We’ve made it to Mid-Terms.  Here’s what you need to know about the 2022 Election

The 2022 mid-term elections have arrived.

Inflation and healthcare are two major issues facing voters as they head to the polls Tuesday.

That means that all 435 seats in the U.S. House are up for re-election, along with 35 out of 100 Senate seats.

Statewide, the offices of attorney general, secretary of state, and state auditor, and all 201 seats in the Minnesota Legislature are up for election.

The governor’s race is the major contest in Minnesota.  Incumbent Governor Tim Walz is up against his Republican challenger Scott Jensen.

On the ballot in Minnesota is the unusual U.S. 1st Congressional District race.  After Congressman Jim Hagedorn died of cancer in February, Rep Brad Finstad won an August special election over his Democratic challenger, Jeff Ettinger.  The victory meant Finstad would serve out the remainder of Hagedorn’s term.  But he also has to be reelected Tuesday to keep his seat.   Finstad beat Ettinger by 4% in the August election.  The mid-terms will be a rematch between the candidates, but there will be one difference: a new district map applies. The newly redrawn district includes the addition of Red Wing, while Le Sueur County was moved to the 2nd District.

Locally, there are a number of notable races.

In Blue Earth County, a new sheriff will be elected for the first time since 1994. Candidates Cpt Paul Barta and Lt Jeff Wersal are vying to replace retiring Sheriff Brad Peterson.

In North Mankato, Mark Dehen, mayor for the last 12 years, is running for a Nicollet County Commissioner seat.  Warren Anderson, Scott Carlson, Kenny DeWitte, and Ben Kaus are running to replace him.

Voters in state district 18A will decide who to send to the Minnesota House.  The race is a re-match from 2020 when Rep Susan Ackland (R) beat then-incumbent Jeff Brand by a small margin. The district encompasses Nicollet County, including the cities of North Mankato, St. Peter, Nicollet, Courtland, and Klossner.

Also on the ballot are races at a local level, including city councils, school boards, county commissioners, and more.

Here’s what you need to know about voting in the 2022 General Election:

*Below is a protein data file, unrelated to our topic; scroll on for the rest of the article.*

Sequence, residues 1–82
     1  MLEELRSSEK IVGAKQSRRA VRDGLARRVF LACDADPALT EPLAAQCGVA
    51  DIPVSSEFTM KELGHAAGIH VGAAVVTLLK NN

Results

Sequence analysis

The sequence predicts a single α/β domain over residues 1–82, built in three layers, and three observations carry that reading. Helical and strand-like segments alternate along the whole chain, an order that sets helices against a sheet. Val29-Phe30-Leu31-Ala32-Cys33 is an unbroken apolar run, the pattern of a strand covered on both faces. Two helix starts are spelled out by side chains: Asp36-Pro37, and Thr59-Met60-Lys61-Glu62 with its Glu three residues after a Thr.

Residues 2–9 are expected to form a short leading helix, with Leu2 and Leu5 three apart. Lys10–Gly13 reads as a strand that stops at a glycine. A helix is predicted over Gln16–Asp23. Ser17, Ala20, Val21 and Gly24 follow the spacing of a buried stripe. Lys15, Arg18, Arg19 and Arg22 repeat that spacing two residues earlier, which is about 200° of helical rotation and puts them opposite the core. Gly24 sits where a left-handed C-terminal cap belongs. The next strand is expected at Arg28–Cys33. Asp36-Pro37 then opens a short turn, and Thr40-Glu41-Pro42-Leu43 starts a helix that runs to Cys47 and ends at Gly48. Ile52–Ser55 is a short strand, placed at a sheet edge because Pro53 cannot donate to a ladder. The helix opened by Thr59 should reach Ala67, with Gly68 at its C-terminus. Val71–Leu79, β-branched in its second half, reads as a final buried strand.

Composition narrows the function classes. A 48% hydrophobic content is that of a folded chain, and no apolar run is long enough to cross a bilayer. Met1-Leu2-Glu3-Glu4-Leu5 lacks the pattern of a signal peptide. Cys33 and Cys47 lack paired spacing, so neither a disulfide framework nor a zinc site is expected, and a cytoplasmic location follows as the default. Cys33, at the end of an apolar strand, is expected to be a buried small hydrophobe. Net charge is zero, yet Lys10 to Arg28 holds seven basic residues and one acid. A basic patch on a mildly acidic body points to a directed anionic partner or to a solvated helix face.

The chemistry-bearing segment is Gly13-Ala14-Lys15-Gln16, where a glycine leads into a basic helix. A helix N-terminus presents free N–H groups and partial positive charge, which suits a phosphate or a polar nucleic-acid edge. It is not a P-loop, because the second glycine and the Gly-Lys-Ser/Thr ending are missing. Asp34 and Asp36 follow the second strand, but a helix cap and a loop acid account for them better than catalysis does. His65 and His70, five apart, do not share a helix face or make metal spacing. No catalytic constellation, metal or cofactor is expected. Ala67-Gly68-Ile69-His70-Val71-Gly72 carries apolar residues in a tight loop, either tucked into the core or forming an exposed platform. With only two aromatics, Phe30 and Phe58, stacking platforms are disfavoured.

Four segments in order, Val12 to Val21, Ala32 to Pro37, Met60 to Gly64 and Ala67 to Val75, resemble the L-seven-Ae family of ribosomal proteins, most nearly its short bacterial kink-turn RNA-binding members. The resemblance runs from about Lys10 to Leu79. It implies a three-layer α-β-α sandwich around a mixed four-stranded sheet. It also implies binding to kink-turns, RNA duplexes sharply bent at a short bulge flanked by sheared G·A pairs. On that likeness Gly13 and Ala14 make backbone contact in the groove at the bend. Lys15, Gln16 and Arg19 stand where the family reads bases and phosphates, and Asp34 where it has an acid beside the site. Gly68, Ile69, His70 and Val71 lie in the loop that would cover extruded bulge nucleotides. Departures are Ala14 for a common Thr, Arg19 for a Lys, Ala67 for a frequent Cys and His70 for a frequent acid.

What hours can I vote?

Minnesota’s polling locations are usually open from 7 a.m. to 8 p.m.  States with towns with fewer than 500 registered voters are not required to open until 10 a.m. for state and federal elections.

Where do I go to vote?

The Minnesota Secretary of State has a Polling Place Finder where you’ll enter your zip code or county of residence along with a street address to learn your polling location.  This online tool also allows you to see a sample ballot and the district races for your address.

I’m not registered to vote in Minnesota.  Is it too late?

No!  Minnesota allows Election Day registration.  An ID with a current name and address is required, along with a photo ID and a document with a current name and address.  A list of approved photo IDs and documents is on the Secretary of State’s website.

A registered voter in your precinct who can confirm your address can also go with you to the polls and sign an oath vouching for your address.  You can find a printable list of Election Day Registration information on the website.

If you registered within 20 days of the election, you may have received a Notice of Late Registration in the mail.  You should bring it to your polling place and use it as your proof of residence.

I will need assistance at the polls.  Can I bring someone to help me?

Absolutely!  You can bring a family member, friend, or neighbor to help you vote.  There is one exception: you can’t get help from someone from your employer or from your union.  Helpers are not allowed to influence your vote or tell others how you voted.  You can also show your ballot privately to an election judge to check that it is correctly marked.

I can’t leave my vehicle.  Is it possible for me to vote?

Yes.  Curbside voting is available for anyone who must remain in their vehicle.  Two election judges from different parties will bring a ballot (and a registration application, if necessary) to your vehicle.  When you are finished voting, those judges will submit your ballot.

I can’t get off work to vote.  What do I do?

Voting is your right.  Your employer cannot refuse or interfere with this right, including what time you choose to vote.  You have the right to time off work to vote in all elections, state and federal, and your employer must pay you for the time you need to vote if it falls within your scheduled work time. Workers can print a letter from the Secretary of State’s office to give to their employer.

I voted early by absentee ballot.  How do I know my ballot made it in time?

Minnesota’s ballot tracker can help you determine the status of your ballot.  Voters will enter the same information they used to request their absentee ballot to determine whether their ballot was accepted or rejected.

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